The Trump administration is looking to farm desperately needed cybersecurity professionals from within the existing federal workforce by launching a Cyber Reskilling Academy that gives accepted employees a crash course in cyber skills, the Office of Management and Budget announced Nov. 30.
“In the federal government, like many organizations in the private sector, we have a critical shortage of qualified cybersecurity personnel, and its incumbent on us to develop those capabilities,” said federal chief information officer Suzette Kent in a press call on the new academy.
“This is a pilot program, it’s designed to reskill individuals in the federal workforce with hands-on cybersecurity training to transition into cybersecurity jobs.”
Initiatives like technology modernization and automation are some of the reasons some federal workers will have to train for new kinds of jobs.
The first cohort of the academy will be made up of about 25 feds who do not already occupy cyber or IT positions.
“This inaugural class and first program is going to be made up of current federal employees who don’t work in the IT field, and it’s an opportunity to provide them with necessary training to actually qualify as cyber defense analysts,” said Kent.
“By making this available to our current federal employees, we can support career growth and retention for those who are already part of the mission.”
Applications open Nov. 30, 2018, and close Jan. 11, 2019. Interested employees must first discuss their desire to participate with their supervisor and gain their approval as part of the application.
Beginning Jan. 14, applicants will receive links to an online assessment of their critical thinking and problem solving skills, that does not require prior cyber knowledge.
Based on both the applications and the assessments, the program will score and select applicants, who will be notified starting Feb. 25.
Selected participants then start a three month training program March 11, which includes both online and in-person classes that culminate in cybersecurity certification exams that will make them ready to take on cyber analyst roles.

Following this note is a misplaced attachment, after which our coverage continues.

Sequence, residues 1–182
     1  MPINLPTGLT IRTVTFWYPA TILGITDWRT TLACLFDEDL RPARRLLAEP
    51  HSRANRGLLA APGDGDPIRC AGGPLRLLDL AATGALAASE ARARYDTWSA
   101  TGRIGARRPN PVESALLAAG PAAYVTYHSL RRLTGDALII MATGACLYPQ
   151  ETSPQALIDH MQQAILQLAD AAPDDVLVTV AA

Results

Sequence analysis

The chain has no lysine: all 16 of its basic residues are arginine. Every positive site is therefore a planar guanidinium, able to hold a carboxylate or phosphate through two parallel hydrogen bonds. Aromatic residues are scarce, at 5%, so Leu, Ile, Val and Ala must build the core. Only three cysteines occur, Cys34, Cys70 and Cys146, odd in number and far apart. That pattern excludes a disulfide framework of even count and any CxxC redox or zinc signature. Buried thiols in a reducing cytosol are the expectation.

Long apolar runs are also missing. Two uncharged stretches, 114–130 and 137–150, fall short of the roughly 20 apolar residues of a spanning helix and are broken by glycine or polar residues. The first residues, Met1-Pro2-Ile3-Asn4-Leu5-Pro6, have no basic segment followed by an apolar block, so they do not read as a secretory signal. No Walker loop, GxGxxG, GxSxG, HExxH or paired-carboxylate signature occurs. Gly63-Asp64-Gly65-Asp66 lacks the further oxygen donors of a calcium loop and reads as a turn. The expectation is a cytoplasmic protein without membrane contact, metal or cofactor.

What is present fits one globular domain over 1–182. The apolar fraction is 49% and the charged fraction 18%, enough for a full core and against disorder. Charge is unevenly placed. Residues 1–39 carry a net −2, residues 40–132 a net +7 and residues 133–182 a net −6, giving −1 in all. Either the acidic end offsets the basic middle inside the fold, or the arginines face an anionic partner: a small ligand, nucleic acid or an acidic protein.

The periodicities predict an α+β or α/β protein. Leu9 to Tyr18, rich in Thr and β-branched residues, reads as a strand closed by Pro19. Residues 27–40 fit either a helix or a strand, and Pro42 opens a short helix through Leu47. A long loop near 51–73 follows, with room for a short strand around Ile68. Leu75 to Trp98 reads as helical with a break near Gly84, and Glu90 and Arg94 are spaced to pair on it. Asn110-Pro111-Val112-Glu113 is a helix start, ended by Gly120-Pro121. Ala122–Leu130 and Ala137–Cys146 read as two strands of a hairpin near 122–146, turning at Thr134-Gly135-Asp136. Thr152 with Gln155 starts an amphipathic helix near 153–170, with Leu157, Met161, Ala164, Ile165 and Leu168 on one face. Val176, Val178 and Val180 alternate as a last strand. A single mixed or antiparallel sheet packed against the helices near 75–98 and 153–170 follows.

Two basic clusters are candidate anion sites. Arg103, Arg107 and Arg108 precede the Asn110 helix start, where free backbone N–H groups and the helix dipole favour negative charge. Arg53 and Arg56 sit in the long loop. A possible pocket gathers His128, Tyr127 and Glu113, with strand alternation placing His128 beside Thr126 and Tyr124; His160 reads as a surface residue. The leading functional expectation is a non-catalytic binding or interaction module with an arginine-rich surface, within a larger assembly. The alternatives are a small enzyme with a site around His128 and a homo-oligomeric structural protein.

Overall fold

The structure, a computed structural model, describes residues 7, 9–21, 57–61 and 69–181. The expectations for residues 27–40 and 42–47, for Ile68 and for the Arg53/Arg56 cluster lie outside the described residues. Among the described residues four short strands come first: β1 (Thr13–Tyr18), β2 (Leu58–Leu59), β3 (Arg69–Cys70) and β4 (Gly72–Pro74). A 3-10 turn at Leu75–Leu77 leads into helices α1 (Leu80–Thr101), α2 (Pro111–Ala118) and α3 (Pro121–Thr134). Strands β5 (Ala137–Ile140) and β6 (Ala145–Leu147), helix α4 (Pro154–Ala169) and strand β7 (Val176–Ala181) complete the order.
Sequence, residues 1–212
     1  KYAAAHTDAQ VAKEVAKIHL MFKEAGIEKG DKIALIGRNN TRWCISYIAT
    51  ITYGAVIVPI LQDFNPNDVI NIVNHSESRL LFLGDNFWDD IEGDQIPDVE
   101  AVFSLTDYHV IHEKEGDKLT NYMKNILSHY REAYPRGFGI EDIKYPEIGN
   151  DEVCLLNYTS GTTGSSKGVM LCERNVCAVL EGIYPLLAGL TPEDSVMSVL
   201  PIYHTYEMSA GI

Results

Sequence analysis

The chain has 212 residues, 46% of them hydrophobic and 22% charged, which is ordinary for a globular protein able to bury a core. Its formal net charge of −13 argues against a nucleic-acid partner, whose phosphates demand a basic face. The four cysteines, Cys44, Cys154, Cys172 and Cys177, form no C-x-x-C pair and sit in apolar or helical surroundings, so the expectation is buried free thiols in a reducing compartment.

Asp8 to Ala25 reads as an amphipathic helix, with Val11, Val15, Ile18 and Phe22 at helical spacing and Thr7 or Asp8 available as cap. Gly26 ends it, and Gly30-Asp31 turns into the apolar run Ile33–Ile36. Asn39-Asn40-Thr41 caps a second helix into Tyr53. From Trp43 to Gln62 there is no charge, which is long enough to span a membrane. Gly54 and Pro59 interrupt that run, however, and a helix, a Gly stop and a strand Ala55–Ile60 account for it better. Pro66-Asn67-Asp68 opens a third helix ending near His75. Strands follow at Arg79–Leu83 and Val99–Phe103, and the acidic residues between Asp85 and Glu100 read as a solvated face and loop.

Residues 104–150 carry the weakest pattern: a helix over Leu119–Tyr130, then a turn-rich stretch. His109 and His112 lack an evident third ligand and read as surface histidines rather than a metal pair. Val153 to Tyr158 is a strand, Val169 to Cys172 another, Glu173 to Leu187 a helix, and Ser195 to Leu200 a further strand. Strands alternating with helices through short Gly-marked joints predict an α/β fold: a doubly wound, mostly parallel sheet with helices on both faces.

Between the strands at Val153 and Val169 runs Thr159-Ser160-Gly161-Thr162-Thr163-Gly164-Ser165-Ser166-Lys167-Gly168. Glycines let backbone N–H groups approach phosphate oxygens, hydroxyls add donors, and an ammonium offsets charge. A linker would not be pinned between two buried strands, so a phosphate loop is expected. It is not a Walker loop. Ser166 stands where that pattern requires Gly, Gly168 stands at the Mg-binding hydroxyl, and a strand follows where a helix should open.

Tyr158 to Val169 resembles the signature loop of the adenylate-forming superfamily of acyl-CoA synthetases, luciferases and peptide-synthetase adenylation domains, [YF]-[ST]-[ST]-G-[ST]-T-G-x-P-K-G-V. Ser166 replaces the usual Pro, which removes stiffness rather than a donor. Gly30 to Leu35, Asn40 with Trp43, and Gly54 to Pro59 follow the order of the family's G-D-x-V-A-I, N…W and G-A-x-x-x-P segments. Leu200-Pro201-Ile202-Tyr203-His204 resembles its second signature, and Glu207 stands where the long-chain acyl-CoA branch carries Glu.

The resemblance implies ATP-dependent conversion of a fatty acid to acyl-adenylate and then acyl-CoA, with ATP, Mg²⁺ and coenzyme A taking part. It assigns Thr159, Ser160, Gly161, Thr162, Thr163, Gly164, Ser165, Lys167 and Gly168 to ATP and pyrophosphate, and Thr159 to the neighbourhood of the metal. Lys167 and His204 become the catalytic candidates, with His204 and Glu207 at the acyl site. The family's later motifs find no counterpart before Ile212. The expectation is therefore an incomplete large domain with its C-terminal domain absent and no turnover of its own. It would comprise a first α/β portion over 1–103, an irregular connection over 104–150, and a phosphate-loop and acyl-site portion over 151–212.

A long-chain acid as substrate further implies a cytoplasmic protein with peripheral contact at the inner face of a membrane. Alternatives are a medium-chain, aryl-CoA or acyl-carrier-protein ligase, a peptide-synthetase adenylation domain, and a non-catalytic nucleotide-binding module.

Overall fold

According to a senior administration official, though participants do not necessarily need to be in the Washington, D.C. area, they will have to be able to make it to the Department of Education building in the capital for the days of in-person training.
The program costs are covered by the CIO Council, but, according to the application website, potential applicants must make arrangements with their supervisors to make sure they can take the time off required for the program.
The training itself, as well as the assessment program, will be offered by a government contractor.
“We are working with a vendor partner, SANS, who is helping us deliver this,” said the administration official. “We looked at many vendors who could support us through this… but based on the results that they’ve achieved in other similar programs, we felt that this was a really good way to start.”
Once employees complete the training, they are not guaranteed new cyber positions at their agency, but will be offered training to apply for federal cyber positions and must commit to at least three more years of service in the federal government.
Retraining the federal workforce to meet the needs of a more modernized, digital government, has been a key priority for the Trump administration. And according to Kent, this will not be the only training program offered to feds.
The agenda requires leadership from across agencies to prioritize IT modernization, data transparency and workforce challenges.
“This is the first of many of the reskilling efforts that the administration is exploring,” said Kent. “In addition to this, we also plan to have a cyber reskilling pilot for federal employees including those who already have an IT background. We are offering an opportunity or opportunities in robotics process automation learning in our efforts associated with shifting low value to high value work. And we’re going to also focus on some particular areas for those already in IT and cyber to continue to build executive leadership skills.”
Should the programs offer a high success rate, Kent said that it may be expanded to drive a larger impact.
“We do know that a few small programs won’t be enough to solve the challenge of our overall skill, but that’s why we’re going to have many programs,” said Kent.
”We’re going to learn from each one, and even though we are starting with smaller numbers in each of these programs, the approach that we’re taking and the support across the councils and the executives at all of our agencies will let us understand the success rate, and then look to expand and industrialize those across the federal government.”